Published Apr 13, 2014
I know that it is hard for new grads to get jobs, and feel bad for complaining about this, but I am just so very overwhelmed. I am fortunate to live an a area where RN's are in demand (especially for outside of hospital jobs). I have had four interviews and three offers for rehab facilities. I turned down two offers because they were not what I was looking for, and just accepted an offer a few days ago. I stopped applying for jobs because I planned to stay there for a year to get experience and then start applying to hospitals (which is where I really want to be). I just found out that I will be getting a call this week for an interview at the hospital for the position that I wanted all along. This is just so overwhelming. I go for my drug screen, background check on Monday and feel bad for putting the company through the cost of it since I plan to accept the job at the hospital if offered. But I don't want to decline the offer and not get the hospital job (which is very likely).
I am a people pleaser and have lost so much sleep while job hunting. I hate disappointing people, especially after trying to impress them just to get an interview. I know that I should take the hospital job if offered not only because it is the type of patients that I want but also because there is such a large difference in pay- $4/hr plus differentials. I guess I am just wondering what others would do in this situation or if I seem to be worrying about nothing. How do you handle multiple offers that happen at different times and after you accept a job?
I am a people pleaser as well. However, what I have learned through age is that you have to always look out for your own best interest first. Nobody and I mean nobody will look out for you and your career development is only in your hands. Truly analyze what each offer has to offer you and match them up with your 5 year plan. Pick the one that has the best opportunity to line you up for those plans. Also, you don't actually *have* the hospital offer on the table yet. Just the interview. They may never call you back. So, for right now, I wouldn't let the left hand know what the right hand is doing if you you know what I mean. Good luck!
If you haven't even interviewed at the hospital yet then I wouldn't count it as an offer. I would roll with the facility that hired you and keep it moving until things change, then you can decide from there what you want to do.
TAKE THE HOSPITAL JOB IF OFFERED. Start at the other job in case, and honestly, don't stress too much about leaving them in the lurch, because, frankly, it happens, and you really need to do what's best for YOU.
Where are you located so I can apply to work there too?
HouTx, BSN, MSN, EdD
If you are offered the hospital job, and you really want to take it.... go for it. Just keep in mind that you will need to stick with that employer for a while. None of that "one year and I'm outta here" stuff because you will undoubtedly be listed as 'not eligible for rehire' with your current employer. This is a negative mark on your employment history that can be offset if you have subsequent positive job history.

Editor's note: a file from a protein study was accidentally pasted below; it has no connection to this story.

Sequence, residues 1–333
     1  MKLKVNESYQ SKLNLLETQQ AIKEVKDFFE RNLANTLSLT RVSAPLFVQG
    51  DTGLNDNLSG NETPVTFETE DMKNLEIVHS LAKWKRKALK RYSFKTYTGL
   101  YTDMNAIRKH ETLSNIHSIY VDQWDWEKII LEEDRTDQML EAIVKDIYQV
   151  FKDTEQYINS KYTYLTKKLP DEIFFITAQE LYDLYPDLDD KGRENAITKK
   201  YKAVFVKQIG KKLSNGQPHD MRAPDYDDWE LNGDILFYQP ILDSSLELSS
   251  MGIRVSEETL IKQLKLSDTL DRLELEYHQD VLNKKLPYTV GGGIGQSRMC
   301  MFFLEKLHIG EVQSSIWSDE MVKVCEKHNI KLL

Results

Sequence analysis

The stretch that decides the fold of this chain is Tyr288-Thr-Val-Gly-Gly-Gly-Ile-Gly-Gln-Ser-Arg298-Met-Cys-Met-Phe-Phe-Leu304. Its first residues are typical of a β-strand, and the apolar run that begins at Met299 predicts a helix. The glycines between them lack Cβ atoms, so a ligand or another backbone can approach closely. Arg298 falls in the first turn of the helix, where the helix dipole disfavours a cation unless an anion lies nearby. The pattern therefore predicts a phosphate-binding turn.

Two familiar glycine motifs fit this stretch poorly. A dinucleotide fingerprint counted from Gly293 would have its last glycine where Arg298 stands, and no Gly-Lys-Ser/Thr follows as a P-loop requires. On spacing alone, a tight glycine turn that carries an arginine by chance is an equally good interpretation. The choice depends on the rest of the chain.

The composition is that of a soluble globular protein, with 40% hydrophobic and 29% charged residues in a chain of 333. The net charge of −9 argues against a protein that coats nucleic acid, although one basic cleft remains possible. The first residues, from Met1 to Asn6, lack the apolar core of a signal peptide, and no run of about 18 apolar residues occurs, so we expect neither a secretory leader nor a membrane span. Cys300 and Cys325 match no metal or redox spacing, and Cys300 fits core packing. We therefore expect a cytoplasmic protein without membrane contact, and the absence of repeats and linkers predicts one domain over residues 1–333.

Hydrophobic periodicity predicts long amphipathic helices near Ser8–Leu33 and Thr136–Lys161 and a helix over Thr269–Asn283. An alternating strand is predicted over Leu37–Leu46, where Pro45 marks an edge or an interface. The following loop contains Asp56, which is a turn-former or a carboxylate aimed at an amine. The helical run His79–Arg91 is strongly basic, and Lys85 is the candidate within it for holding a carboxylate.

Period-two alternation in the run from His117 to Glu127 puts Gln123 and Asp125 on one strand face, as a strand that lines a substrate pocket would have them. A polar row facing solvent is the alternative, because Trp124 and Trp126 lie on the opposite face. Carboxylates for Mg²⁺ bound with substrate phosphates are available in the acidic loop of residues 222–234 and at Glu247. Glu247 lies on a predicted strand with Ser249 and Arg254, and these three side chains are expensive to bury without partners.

This situation is not uncommon. If an employer wants to fix it, they need to offer more competitive salary packages.
i understand how you feel, i'm in a similar position, but i actually haven't signed my name on the dotted line yet. I have an awesome opportunity for a position that was created for me in L and D, and I don't want to waste their time for going out of their way for wanting to hire me, I would love the job, I just don't know which one to take myself.
You feel guilty because you are an honorable person and you seem to hold your employer in the same light you would a spouse... "'til Death do us part." I empathize because I am the exact same way.
First off, you don't have the dream job yet so this is all worry about something that might never happen.
Second, if you DO get the offer, the reality is that employment is not that kind of fiduciary relationship. Are you an employee-at-will? Your job would cut you in a flash if conditions changed for them. When you accept a job, it is with good faith that you will meet your contractual obligations. Sounds as if you are acting in good faith. If you signed a contract for a year, then of course there would be penalties if you quit before. Believe me, your facility has a bucket load of lawyers who specialize at drafting employment contracts that favor your employer and is quite aware of the current employment patterns in which employees change jobs many times during a career across all industries. If they didn't draft termination penalties into your contract, then it's a wide-open playing field, my friend! Paying for screens, etc. is just the ante that an employer pays to play.
You are clean on your side of the street if you simply meet your contractual obligation. If a better offer comes along, let your employer have a chance to meet it (if that's at all possible) and if not, give your current employer generous notice so they can replace you with one of the hoard of applicants who might have this job as their first pick. You are just shortening the time you spend working up to your next level.
Congratulations on doing so well. Joyfully move on to your next job. And share your Job Search strategies and tips with the rest of us who are still looking!
Might I ask WHERE RNs are in demand??!
Please and thank-you.....
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